Defining sepsis mortality clusters in the United States

Justin Xavier Moore, John P. Donnelly, Russell Griffin, George Howard, Monika M. Safford, Henry E. Wang

Research output: Contribution to journalArticlepeer-review

54 Scopus citations


Objectives: In the United States, sepsis is a major public health problem accounting for over 200,000 annual deaths. The aims of this study were to identify U.S. counties with high sepsis mortality and to assess the community characteristics associated with increased sepsis mortality. Design: We performed a descriptive analysis of 2003 through 2012 Compressed Mortality File data. We defined sepsis deaths as deaths associated with an infection, classified according to the International Classification of Diseases, 10th Version. Setting: Three thousand one hundred and eight counties in the contiguous U.S. counties, excluding Hawaii and Alaska. Measurements and Main Results: Using geospatial autocorrelation methods, we defined county-level sepsis mortality as strongly clustered, moderately clustered, and nonclustered. We approximated the mean crude, age-adjusted, and community-adjusted sepsis mortality rates nationally and for clustering groups. We contrasted demographic and community characteristics between clustering groups. We performed logistic regression for the association between strongly clustered counties and community characteristics. Among 3,108 U.S. counties, the age-adjusted sepsis mortality rate was 59.6 deaths per 100,000 persons (95% CI, 58.9-60.4). Sepsis mortality was higher in the Southern U.S. and clustered in three major regions: Mississippi Valley, Middle Georgia, and Central Appalachia. Among 161 (5.2%) strongly clustered counties, age-adjusted sepsis mortality was 93.1 deaths per 100,000 persons (95% CI, 90.5-95.7). Strongly clustered sepsis counties were more likely to be located in the south (92.6%; p < 0.001), exhibit lower education, higher impoverished population, without medical insurance, higher medically uninsured rates, and had higher unemployment rates (p < 0.001). Conclusions: Sepsis mortality is higher in the Southern United States, with three regional clusters: "Mississippi Valley," "Middle Georgia," and "Central Appalachia": Regions of high sepsis mortality are characterized by lower education, income, employment, and insurance coverage.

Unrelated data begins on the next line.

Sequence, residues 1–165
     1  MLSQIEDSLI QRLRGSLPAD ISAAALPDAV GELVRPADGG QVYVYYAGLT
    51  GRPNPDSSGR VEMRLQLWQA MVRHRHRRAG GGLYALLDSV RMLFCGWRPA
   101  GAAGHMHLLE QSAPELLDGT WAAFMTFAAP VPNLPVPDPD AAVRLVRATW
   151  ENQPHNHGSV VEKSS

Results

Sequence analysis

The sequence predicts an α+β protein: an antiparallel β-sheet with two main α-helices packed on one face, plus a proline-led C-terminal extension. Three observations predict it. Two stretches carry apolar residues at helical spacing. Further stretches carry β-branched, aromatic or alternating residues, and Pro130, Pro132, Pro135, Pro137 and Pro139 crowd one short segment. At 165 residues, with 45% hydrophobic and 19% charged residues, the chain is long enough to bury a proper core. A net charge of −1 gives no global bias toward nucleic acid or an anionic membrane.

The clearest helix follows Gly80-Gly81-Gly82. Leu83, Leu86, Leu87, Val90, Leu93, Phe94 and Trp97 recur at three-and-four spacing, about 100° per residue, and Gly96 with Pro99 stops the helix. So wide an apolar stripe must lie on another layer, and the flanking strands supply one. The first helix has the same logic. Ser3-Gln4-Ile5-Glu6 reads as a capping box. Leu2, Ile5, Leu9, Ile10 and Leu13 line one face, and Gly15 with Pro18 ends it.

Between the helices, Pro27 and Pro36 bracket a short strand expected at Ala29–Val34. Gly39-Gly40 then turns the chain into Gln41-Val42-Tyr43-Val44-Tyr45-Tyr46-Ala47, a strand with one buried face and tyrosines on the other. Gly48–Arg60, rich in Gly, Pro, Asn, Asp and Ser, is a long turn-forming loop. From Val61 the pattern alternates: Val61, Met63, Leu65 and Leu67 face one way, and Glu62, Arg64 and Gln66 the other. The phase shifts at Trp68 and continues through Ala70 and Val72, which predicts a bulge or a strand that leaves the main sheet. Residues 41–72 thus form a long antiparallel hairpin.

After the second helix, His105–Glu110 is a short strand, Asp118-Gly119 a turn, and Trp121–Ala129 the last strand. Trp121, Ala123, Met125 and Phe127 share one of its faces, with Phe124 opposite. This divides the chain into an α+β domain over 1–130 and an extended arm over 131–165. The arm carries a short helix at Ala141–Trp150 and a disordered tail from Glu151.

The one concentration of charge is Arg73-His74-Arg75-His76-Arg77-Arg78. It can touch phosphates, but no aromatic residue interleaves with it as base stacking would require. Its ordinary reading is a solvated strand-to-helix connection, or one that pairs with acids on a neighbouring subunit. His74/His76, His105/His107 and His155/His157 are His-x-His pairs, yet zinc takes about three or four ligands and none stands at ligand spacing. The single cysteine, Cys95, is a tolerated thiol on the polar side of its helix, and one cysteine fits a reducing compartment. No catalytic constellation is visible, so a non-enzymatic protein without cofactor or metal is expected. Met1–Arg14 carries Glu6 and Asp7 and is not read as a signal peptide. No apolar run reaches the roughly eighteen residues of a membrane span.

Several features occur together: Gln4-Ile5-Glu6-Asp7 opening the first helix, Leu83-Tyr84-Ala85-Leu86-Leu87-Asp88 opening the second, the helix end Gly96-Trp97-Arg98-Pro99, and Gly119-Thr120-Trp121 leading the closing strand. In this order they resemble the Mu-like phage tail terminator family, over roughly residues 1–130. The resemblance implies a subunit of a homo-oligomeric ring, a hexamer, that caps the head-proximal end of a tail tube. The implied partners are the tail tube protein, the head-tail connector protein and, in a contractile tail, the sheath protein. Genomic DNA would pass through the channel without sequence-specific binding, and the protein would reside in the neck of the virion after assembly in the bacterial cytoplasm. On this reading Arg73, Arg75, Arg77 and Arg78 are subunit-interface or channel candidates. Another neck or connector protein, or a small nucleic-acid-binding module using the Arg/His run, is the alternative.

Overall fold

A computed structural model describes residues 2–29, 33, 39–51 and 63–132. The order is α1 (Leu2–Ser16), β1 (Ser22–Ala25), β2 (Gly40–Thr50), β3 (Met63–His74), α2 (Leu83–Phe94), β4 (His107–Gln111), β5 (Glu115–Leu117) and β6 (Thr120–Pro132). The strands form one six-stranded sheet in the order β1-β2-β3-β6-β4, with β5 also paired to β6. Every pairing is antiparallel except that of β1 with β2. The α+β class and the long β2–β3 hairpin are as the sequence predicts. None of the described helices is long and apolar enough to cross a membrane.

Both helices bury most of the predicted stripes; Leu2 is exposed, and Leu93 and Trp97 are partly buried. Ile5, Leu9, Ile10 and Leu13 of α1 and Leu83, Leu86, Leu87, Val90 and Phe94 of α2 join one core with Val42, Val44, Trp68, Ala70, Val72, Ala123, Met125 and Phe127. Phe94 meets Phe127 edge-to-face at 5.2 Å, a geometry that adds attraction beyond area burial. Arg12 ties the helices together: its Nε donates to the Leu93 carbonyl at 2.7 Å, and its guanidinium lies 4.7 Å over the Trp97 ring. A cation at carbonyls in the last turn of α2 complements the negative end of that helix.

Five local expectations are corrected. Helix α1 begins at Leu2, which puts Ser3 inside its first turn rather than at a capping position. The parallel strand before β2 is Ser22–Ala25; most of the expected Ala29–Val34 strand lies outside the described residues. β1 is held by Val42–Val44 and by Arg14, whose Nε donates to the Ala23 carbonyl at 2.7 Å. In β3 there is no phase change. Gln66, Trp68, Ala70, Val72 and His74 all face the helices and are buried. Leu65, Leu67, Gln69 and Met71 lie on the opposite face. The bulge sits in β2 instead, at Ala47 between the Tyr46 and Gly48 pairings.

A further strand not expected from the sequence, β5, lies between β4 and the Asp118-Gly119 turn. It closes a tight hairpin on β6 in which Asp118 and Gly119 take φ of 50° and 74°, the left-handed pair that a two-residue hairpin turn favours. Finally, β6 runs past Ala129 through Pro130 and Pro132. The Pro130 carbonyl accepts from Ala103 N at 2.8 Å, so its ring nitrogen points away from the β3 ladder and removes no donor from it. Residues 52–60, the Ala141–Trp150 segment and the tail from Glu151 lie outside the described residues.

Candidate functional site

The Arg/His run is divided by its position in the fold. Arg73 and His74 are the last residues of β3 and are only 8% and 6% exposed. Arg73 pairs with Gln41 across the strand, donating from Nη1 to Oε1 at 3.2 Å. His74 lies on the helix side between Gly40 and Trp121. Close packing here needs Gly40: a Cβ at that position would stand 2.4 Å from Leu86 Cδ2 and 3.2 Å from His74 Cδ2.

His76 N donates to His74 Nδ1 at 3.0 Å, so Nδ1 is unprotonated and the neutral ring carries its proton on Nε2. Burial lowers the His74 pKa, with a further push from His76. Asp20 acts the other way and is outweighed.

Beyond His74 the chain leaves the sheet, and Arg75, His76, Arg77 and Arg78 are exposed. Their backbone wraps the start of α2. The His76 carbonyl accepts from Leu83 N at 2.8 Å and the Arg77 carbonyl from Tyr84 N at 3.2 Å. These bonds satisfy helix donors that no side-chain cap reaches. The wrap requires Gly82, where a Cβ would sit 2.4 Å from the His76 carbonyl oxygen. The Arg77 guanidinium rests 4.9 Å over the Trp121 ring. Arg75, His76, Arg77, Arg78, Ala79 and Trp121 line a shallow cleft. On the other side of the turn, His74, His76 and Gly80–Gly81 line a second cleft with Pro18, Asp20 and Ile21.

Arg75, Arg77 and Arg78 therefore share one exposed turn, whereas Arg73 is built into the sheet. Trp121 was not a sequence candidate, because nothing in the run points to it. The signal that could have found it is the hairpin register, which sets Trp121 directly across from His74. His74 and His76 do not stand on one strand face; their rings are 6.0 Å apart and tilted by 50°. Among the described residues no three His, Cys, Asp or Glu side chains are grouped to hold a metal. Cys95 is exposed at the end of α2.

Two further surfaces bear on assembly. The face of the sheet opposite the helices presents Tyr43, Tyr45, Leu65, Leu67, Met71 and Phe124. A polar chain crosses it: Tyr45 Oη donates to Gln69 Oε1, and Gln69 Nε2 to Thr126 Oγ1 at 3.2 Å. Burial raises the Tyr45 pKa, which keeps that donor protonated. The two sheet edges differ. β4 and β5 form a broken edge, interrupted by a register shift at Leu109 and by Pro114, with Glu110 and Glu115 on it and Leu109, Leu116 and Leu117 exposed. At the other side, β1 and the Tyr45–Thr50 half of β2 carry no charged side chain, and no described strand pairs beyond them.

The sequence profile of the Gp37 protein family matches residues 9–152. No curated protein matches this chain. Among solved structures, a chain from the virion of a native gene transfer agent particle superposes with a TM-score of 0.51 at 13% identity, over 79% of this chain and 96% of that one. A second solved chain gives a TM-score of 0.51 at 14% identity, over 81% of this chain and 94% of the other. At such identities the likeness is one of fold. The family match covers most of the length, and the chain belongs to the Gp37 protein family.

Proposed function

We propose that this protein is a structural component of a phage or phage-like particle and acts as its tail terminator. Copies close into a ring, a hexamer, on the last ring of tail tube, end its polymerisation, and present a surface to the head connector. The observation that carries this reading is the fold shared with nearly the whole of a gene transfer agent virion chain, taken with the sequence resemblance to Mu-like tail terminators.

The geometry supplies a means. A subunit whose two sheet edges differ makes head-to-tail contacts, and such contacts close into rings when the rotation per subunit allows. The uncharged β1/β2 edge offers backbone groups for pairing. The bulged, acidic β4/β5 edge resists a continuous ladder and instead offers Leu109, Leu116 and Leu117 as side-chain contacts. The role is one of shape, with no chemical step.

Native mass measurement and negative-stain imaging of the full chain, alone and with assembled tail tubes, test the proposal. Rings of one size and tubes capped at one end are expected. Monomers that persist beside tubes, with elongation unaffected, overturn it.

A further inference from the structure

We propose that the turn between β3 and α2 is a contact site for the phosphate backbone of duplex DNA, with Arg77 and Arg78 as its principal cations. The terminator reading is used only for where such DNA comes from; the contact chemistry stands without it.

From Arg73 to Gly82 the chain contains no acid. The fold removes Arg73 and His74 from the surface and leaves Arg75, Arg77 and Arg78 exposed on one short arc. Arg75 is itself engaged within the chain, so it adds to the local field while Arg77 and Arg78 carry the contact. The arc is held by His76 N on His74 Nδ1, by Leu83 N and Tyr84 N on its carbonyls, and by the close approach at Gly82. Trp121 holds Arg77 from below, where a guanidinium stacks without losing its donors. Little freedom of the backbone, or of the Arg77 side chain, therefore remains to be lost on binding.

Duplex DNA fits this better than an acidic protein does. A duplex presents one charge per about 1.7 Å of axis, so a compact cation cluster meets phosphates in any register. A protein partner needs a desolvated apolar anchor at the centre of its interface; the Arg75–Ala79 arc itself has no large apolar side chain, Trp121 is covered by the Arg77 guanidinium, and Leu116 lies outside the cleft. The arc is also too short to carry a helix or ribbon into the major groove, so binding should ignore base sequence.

Original languageEnglish
Pages (from-to)1380-1387
Number of pages8
JournalCritical Care Medicine
Issue number7
StatePublished - Jul 1 2016

Bibliographical note

Publisher Copyright:
© 2016 by the Society of Critical Care Medicine and Wolters Kluwer Health, Inc.


  • disease clustering
  • geographic locations
  • mortality
  • sepsis
  • spatial autocorrelation

ASJC Scopus subject areas

  • Critical Care and Intensive Care Medicine


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